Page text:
Because critical thinking often overlaps with vague ideas about critical theory, critical thinking applied to painting also leads to a lot of rhetorical gobbledygook about painting and the way it conveys meaning. Nowhere is this more evident than in the many student artist’s statements (de rigueur in an age of outcomes assessment) I’ve read over the past several years. Most of them are poignantly well-intended but poorly written. Unfortunately, in the face of demands that they be “articulate” about painting — a part of culture that defies totalization in words — lucidity is lost. In trying to puff up their statements into the jargony prose their professors (particularly on thesis committees) will approve, they pepper them with semi-understood terms lifted from postmodern literary theory.

It’s not uncommon for painting professors — few of them trained in Continental philosophy, or any other philosophy, for that matter — to bandy about such words as “identity,” “oppression,” “pictorial discursiveness,” and “ontology.” Gone is the idea that painting is understood only by groping one’s way to imperfect meaning through poetic expressions or universally understood metaphysical ideas. The imaginative writing of, say, the poet and art critic Frank O’Hara or the aesthetics-focused philosophizing of the painter and scholar Robert Motherwell would be nearly incomprehensible to today’s painting students, many of whom have grown used to hearing painting talked about as if it were the subject of a sociology dissertation.

The art world sets an unfortunate standard in this unreadable stuff. For example, here’s an excerpt from the Museum of Modern Art’s press release about its 2015 “Forever Now” exhibition of contemporary abstract painting:

The artists in this exhibition … use the painted surface as a platform, map, or metaphoric screen on which genres intermingle, morph, and collide. Their work represents traditional painting, in the sense that each artist engages painting’s traditions, testing and ultimately reshaping historical strategies like appropriation and bricolage and reframing more metaphysical, high-stakes questions surrounding notions of originality, subjectivity, and spiritual transcendence.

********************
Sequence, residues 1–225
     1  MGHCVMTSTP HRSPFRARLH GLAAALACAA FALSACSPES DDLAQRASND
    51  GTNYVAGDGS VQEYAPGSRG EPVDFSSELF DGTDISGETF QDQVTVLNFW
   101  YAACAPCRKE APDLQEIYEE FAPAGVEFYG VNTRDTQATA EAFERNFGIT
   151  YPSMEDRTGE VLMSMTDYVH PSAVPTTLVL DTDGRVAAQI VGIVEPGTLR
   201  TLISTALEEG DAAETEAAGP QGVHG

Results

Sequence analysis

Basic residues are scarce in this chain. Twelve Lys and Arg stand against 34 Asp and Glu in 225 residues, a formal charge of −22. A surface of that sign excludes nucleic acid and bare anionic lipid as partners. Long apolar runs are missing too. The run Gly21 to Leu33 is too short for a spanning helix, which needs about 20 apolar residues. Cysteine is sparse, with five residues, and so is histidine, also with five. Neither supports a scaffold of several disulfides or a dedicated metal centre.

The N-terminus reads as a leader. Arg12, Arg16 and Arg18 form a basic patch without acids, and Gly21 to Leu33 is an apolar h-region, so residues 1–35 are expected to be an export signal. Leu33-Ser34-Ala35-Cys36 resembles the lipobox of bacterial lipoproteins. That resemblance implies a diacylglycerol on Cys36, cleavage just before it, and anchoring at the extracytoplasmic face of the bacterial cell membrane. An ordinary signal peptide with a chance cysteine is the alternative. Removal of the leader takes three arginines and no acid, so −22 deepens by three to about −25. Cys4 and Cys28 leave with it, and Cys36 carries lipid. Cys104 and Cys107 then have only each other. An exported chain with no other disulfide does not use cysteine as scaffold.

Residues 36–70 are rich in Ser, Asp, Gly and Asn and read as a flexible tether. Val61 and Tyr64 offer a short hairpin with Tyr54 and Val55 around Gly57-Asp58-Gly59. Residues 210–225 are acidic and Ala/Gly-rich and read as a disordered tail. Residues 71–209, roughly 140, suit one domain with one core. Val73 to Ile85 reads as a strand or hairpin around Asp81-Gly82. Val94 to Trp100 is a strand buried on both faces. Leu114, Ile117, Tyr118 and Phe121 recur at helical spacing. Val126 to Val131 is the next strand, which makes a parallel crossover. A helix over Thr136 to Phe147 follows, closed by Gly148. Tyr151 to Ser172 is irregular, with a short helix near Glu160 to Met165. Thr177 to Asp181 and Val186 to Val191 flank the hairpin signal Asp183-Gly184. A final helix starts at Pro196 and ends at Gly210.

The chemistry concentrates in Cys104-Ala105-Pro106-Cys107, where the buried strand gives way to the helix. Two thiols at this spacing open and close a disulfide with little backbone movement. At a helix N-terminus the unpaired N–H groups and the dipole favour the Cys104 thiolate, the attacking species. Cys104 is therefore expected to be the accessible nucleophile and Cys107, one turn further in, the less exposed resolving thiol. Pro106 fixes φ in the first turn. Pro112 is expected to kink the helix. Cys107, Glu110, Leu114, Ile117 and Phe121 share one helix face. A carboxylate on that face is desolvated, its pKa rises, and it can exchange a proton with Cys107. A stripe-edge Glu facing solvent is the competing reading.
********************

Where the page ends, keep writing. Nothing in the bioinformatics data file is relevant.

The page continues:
In other words, paintings as everything but painting.

Painting contains its own roughly defined rules. The art is flat, rectilinear, and smeared with colored pigments. It differs from the many boundaryless arts born in the late 60s and 70s — installation, conceptual, and performance art — where the creators essentially do what they want. A painter can bend painting’s rules only so far before a painting is no longer a painting. Moreover, unlike new genres that only now are building their histories, every painting exists in the long shadow of great paintings from the past.

James Elkins is a professor of art history, theory and criticism at the School of the Art Institute of Chicago and a lively, prolific writer with first-hand knowledge about painting. He has an MFA in painting to go along with his Ph.D. in art history, and explores painting education in his books Why Art Cannot Be Taught: A Handbook for Art Students (University of Illinois Press, 2001) and Art Critiques: A Guide (New Academia Publishing, 2012). I asked him if painting, bounded and defined by its own rules, might be exempt from the Romantic idea that art can’t be taught.